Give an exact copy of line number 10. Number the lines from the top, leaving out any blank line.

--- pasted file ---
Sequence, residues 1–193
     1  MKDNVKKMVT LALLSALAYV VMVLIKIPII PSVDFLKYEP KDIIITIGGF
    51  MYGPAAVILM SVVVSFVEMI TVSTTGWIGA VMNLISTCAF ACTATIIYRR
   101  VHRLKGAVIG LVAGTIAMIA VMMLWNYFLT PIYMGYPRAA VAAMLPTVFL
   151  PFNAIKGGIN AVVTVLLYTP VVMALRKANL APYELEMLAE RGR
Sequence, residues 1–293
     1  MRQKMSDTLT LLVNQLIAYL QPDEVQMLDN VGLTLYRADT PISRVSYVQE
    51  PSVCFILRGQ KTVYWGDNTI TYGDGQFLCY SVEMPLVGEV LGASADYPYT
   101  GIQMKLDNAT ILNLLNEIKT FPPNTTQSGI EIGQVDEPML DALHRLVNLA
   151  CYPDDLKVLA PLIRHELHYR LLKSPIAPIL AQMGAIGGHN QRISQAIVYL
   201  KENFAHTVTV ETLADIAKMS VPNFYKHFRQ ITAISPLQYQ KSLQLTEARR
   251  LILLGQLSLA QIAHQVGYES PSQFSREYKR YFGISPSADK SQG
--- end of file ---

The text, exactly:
   151  CYPDDLKVLA PLIRHELHYR LLKSPIAPIL AQMGAIGGHN QRISQAIVYL